How Javelin-Armed Robots Could Render The Tank Obsolete

Military Tech

Pity the poor tank. As if armored fighting vehicles didn't have enough problems, from missiles and rockets to IEDs lurking in the dirt.


Now they are going to be hunted by anti-tank robots.

A prototype variant of the Titan unmanned ground vehicle, or UGV, mounts a Javelin anti-tank missile as well as a .50-caliber machine gun.

Estonian firm Milrem Robotics makes the Titan—a sort of jack-of-all-trades mechanical mule. It's a 1.6-ton, 8-foot-long tracked robot that stands four feet tall, travels at twelve miles per hour, and can haul about a ton of cargo. The Titan can be fitted with various modules for tasks such as IED clearance, casualty evacuation, and hauling cargo. The U.S. Army is now evaluating it to haul the equipment of an infantry squad.

Meanwhile, Norwegian defense firm Kongsberg makes the Protector remote weapons station, typically mounted on vehicles to enable the crew to fire external weapons, such as turret-mounted machine guns, while remaining inside the protection of the vehicle. The U.S. military already uses about 15,000 of Kongsberg's Common Remotely Operated Weapon Station (CROWS) systems on vehicles such as the Humvee and Stryker.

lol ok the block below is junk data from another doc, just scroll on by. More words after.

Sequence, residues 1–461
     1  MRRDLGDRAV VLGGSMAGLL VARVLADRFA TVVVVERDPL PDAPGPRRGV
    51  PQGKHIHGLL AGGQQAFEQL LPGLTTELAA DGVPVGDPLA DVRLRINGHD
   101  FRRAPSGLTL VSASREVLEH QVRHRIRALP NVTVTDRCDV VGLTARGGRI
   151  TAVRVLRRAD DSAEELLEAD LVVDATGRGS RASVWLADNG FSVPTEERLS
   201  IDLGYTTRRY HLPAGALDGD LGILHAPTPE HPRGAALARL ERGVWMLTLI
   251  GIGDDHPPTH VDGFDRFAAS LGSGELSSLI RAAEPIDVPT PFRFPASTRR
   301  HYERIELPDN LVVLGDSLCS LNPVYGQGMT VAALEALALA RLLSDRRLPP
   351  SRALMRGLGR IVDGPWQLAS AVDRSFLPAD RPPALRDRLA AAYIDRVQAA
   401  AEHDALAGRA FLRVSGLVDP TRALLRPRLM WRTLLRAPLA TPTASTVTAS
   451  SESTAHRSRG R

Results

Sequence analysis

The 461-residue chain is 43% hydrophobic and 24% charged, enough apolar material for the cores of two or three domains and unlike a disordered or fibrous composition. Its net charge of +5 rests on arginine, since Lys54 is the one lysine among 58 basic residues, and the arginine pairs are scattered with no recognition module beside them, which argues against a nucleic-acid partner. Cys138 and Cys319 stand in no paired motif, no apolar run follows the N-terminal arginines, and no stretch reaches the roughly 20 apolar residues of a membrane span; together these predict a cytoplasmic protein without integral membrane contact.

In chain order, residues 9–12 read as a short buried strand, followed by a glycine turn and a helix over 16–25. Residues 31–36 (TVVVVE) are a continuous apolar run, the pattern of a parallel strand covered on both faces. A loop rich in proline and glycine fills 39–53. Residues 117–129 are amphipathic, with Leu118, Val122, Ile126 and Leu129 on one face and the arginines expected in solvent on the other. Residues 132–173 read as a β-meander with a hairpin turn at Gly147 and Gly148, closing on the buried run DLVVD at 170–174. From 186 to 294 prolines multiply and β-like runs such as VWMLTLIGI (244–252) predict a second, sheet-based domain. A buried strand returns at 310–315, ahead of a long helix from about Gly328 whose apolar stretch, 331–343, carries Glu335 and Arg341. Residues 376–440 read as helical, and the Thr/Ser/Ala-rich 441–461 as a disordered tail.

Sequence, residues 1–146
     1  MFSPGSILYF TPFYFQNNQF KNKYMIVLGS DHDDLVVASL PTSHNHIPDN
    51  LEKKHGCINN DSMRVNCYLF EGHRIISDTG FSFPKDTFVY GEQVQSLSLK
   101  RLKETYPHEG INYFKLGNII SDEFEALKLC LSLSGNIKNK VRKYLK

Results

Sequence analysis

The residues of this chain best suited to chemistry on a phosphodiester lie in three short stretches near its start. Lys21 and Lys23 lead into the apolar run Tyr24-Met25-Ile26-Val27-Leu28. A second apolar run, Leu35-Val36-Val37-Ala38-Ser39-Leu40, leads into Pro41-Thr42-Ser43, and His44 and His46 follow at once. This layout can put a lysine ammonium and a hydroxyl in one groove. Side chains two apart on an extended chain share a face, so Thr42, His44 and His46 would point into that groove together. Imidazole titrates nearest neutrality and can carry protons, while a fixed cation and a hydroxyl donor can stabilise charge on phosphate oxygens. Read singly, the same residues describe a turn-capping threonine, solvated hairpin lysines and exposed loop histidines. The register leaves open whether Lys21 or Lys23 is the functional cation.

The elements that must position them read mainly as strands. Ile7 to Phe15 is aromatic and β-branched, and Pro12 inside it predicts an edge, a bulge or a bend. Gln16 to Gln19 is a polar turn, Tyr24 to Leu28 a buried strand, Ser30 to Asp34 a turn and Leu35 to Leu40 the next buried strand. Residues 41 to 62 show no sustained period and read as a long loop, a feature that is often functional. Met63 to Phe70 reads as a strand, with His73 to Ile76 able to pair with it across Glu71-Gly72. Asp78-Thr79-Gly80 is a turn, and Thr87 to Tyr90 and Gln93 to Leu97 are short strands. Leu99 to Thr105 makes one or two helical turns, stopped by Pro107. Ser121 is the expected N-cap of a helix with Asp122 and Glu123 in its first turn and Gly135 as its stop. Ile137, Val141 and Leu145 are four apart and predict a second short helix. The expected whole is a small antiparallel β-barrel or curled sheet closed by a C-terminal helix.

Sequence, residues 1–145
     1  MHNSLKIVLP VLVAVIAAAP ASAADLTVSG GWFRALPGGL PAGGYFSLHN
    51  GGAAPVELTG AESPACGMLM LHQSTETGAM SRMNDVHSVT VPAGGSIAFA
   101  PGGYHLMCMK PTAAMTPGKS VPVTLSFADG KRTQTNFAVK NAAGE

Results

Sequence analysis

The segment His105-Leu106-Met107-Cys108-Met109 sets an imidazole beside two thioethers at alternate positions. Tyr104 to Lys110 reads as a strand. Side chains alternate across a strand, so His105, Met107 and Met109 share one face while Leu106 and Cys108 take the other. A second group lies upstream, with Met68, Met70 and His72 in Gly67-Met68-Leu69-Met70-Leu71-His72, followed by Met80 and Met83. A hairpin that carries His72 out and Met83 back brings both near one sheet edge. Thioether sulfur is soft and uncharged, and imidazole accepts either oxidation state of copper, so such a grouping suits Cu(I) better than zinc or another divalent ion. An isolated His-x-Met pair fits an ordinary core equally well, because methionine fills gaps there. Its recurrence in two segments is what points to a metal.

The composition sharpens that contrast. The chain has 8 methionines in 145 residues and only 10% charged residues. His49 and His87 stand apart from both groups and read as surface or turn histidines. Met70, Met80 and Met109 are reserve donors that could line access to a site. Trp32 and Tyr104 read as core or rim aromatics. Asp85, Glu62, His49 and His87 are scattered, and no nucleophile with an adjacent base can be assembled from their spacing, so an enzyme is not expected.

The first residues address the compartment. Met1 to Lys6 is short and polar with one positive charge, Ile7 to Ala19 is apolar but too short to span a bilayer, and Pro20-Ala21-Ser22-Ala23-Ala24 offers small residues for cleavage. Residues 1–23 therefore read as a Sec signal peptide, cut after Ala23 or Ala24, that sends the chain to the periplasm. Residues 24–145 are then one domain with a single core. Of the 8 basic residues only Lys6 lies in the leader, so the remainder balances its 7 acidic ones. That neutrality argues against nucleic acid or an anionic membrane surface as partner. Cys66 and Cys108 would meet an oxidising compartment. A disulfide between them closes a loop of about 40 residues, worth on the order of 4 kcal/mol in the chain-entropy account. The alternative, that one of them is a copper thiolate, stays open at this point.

So why not put a remote-controlled weapon mount on a remote-controlled robot? Hunting tanks isn't the safest of pastimes, so let a robot do it while the human operator stays safely out of the line of fire.

Milrem and Kongsberg recently conducted a live-fire demonstration near Kongsberg's Norwegian headquarters. “Further testing and demonstrations, including Javelin firing, are planned for the near future,” according to a Milrem press release.

“The UGV has previously passed live fire tests with FN Herstal’s deFNder Medium RWS, ST Kinetics ADDER, and ASELSAN’s SARP,” Milrem said. “An anti-tank system with MBDA’s IMPACT (Integrated MMP Precision Attack Combat Turret) system is also in development.”